false impressions and credentials, but have a dismal record
for formulating any rational political strategies and are
no more than forums of dissent against national goals or agents
of disunity which engage in promoting trivial clan affairs
at the expenses of common national issues. They derive their
unwavering supports on the lines of clan loyalties.
It is absolutely important
to avoid problems of over representations of certain clans
who have same political objectives but try to mislead the
international community and project themselves as opposing
groups to mask their clan objectives; or appointing various
elements without power of attorney such as self-appointed
failed warlords who joined the Arte group or elements from
the autonomous administrations of Somaliland, Puntland
& others who joined the Arte group without representing
their own people and who are now gearing up to form civil
society groups based on clan affiliation ‘ bogus political
parties’ just to attend the conference and who are without
any mandate to represent their respective factions, and have
no authority or political clout to enforce the terms of any
peace accord. What would be the role of the civil society?
They all lack public trust, authority and political clout
to enforce the terms of peace accord.
Official invitations must
be extended only to all factional political force leaders
or ‘peace-lords’ (SRRC, Somaliland & Puntland) to participate in the proposed peace conference
and those who attended the Arte gathering or reconciled with
group (including signatories to the Nakuru
accord) and must be represented by Abdul Qasim
in fairness to the ‘TNG’. These factions are in my view can
decide in the process for a peace and reconciliation in the
country. Therefore great efforts should be invested in bringing
such factions to the peace conference that can address the
roots of the current political crises of the country and guarantee
the success of any peace plan.
In actuality, major impediment
for peace in Somalia is that the ‘TNG’ who wishes to bargain
as a government, which is an exaggeration on their part; while
its opponents who are more generous in my opinion want to
present itself (in any talks) as one of the factions in Somalia.
The ‘TNG’, even though militarily, organizationally and in
terms of area under its control in Somalia is much smaller
than that, of its opponents, the acknowledgment it has won
due to the acceptance by the UN credentials committee of the
General Assembly and because of the general support from African
and non-aligned countries on the committee and it was a big
The ‘TNG’ must be reminded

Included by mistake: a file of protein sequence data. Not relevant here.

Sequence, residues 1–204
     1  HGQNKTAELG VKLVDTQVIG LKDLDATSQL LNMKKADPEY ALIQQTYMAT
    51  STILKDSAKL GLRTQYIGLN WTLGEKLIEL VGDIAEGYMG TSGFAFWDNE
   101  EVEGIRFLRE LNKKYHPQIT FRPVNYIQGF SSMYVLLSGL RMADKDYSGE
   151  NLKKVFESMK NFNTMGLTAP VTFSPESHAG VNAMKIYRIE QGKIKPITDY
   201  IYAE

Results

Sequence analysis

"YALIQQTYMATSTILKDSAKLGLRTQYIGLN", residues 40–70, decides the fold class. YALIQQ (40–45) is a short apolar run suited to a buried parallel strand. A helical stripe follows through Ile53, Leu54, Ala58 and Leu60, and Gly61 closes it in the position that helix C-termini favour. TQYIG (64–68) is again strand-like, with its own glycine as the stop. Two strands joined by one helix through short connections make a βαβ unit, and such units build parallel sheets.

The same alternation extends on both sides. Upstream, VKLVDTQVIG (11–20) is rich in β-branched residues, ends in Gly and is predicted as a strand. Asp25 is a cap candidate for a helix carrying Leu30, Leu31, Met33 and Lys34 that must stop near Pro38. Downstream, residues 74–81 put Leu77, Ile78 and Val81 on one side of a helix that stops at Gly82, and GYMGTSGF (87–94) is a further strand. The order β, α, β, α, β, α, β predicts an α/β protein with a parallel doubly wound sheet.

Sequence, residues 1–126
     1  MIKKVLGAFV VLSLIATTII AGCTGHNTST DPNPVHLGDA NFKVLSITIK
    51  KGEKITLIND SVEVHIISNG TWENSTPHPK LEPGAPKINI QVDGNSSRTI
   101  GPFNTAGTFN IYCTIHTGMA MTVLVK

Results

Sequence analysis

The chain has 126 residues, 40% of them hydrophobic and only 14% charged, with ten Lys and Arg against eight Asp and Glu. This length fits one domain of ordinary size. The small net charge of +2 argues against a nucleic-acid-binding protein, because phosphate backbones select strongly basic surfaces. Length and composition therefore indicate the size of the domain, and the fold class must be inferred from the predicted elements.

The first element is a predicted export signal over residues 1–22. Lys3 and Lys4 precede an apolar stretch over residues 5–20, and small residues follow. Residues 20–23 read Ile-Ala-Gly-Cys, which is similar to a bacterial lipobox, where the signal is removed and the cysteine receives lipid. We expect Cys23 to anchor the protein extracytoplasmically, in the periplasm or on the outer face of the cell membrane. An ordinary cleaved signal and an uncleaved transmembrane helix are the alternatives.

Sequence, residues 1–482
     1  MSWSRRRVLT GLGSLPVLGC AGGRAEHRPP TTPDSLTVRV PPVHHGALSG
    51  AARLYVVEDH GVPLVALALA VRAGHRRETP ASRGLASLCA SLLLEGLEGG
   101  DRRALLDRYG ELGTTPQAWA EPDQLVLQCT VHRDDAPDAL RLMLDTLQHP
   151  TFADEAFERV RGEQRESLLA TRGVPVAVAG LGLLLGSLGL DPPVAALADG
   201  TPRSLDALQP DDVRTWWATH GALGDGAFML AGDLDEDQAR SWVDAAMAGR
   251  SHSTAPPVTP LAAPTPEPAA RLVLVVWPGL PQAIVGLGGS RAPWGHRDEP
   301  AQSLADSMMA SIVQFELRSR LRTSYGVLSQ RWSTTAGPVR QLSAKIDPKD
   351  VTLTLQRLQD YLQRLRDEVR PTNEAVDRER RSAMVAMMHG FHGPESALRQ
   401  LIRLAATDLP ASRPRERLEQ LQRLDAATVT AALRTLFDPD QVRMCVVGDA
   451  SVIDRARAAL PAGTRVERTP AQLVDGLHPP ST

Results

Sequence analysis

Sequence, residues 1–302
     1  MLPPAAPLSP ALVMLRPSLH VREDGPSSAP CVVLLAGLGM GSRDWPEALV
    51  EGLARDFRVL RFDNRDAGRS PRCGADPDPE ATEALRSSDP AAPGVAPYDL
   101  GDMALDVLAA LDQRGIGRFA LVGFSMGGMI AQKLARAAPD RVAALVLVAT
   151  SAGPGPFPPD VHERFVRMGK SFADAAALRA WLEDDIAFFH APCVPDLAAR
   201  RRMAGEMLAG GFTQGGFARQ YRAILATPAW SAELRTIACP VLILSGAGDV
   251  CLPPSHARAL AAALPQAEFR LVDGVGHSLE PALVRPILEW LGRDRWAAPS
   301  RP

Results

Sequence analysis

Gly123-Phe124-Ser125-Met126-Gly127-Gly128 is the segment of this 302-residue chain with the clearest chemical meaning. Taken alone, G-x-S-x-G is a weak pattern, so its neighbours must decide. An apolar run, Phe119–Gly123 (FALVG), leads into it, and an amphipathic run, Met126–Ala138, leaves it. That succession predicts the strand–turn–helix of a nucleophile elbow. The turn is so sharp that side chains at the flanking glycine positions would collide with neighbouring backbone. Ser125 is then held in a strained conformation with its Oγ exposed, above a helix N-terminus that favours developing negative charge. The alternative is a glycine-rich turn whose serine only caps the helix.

that, Somalia has long ceased to exist as a nation state,
according to international law, which defines a sovereign
state “as units of a legitimate authority that can control
its borders and govern its people under a set of constitutional
and legal orders” functioning to fulfill rights and obligations.
Therefore, it must agree to the demand of international community
to restore peace and the framework of government to Somalia
without any precondition. The political momentum in Somalia
has shifted and without being skeptical the “TNG” must be
ready to put on the table big things and not loose the last
chance for peace in Somalia
and get on with it.
On the issue of Somaliland,
we support the SC Presidential Statement on Somalia
on 28 March 2000.
The Security Council Statement said, “The Security Council
recalls the Statements of its President of 31
October 2001 (S/PRST/2001/30) and 11
January 2001 (S/PRST/2001) and all other previous
decisions concerning the situation in Somalia.
The Council, having considered the report of the Secretary-General
of 21 February 2002 (S/2002/189) and having held public meeting
on 11 March 2002, reaffirms its commitment to a comprehensive
and lasting settlement of the situation in Somalia, reaffirming
its respect for the sovereignty, territorial integrity, political
independence and unity of the country, consistent with the
principles of the Charter of the United Nations”. We therefore,
call upon all the international community to recognize the
fact that, only, the total sums of all parts of Somalia
make the whole.
Finally, the Muddullood
people in the Diaspora and in the country whole heartedly
support the peace process and encourage all Somalis to rally
their support for unity and stability and seek their positive
public response and blessing for the initiative of President
of Kenya Hon. Daniel Arap Moi and his IGAD counterparts.